Bed Bath & Beyond’s Losses Widen as Sales Drop 28%



Bed Bath & Beyond Inc.


BBBY -4.18%

is catching up on past due payments to suppliers, giving the troubled home-goods seller some breathing room as it tries to turn itself around.

The respite may be temporary. Analysts said the company faces another cash crunch unless it can reverse a steep drop in sales and ballooning losses.

Sales fell 28% to $1.44 billion for the three months ended Aug. 27, compared with $1.99 billion a year earlier. Same-store sales, which excludes newly opened or closed locations, declined 26%.

The company’s net loss ballooned to $366 million, compared with a loss of $73 million in the same period a year ago. Its gross margin fell several percentage points as it cleared inventory it was unable to sell at full price.

It finished the quarter with $135.3 million of cash. That was down from $970.6 million a year ago but more than the $107.5 million it had at the end of its spring quarter. The company said it had liquidity of about $850 million as of September, reflecting new loans it secured after the quarter ended.

Sue Gove, Bed Bath & Beyond’s interim CEO, said the results don’t reflect the changes the company has made and that it has made progress replenishing inventory and catching up on payments to suppliers. She said the company has enough liquidity to make the necessary changes to its business.

On Thursday, its shares fell 4.18% to $6.19. The stock price is down 72% over the past year through Thursday’s close. Shares have gyrated in an iteration of the meme-stock frenzy that drove up the stock of other troubled companies including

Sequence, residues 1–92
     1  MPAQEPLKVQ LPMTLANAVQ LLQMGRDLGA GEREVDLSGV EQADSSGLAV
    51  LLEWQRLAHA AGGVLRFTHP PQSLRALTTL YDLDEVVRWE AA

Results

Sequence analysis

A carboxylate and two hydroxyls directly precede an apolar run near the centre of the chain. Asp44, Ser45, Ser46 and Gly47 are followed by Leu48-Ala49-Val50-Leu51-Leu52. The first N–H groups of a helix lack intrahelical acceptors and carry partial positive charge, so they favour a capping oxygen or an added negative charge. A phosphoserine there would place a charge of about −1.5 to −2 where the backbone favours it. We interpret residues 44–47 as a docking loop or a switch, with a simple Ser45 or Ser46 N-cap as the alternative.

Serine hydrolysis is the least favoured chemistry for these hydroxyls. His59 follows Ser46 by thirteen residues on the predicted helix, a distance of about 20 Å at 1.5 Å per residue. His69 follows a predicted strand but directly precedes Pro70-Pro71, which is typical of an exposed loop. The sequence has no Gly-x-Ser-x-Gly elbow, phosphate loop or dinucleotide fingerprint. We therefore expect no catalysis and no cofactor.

GameStop Corp.

and

AMC Entertainment Holdings.

After years of declining sales, Bed Bath & Beyond is facing an existential crisis. WSJ’s Suzanne Kapner explains why the company has fallen on hard times and looks forward to what’s next for the veteran retailer. Photo Illustration: Laura Kammermann/WSJ

Bed Bath & Beyond has been reeling from a strategy put in place by prior management that replaced name brands with private-label goods, a move that turned off shoppers and sent its sales into free fall. Management has been trying to reverse the strategy by bringing back more goods from brands such as Calphalon, UGG, Cuisinart, Dyson and OXO.

The company said it made progress in the recent quarter in clearing out excess private-label goods and adding more national brands. It said sales turned positive in areas where it had enough stock of national brands.

Bed Bath & Beyond’s troubles attracted

Ryan Cohen,

the billionaire investor and co-founder of pet-supply retailer

Chewy Inc.

He took a stake in the company and agitated for changes, such as a sale or spinoff of its Buy Buy Baby division. Mr. Cohen sold his entire position in August. The company has said it plans to keep the baby division.

In June, former Chief Executive

Mark Tritton

left the company followed by other senior executives. Ms. Gove, a Bed Bath & Beyond director and former retail executive, was named interim CEO while the company looks for a permanent chief executive.

Finance Chief

Gustavo Arnal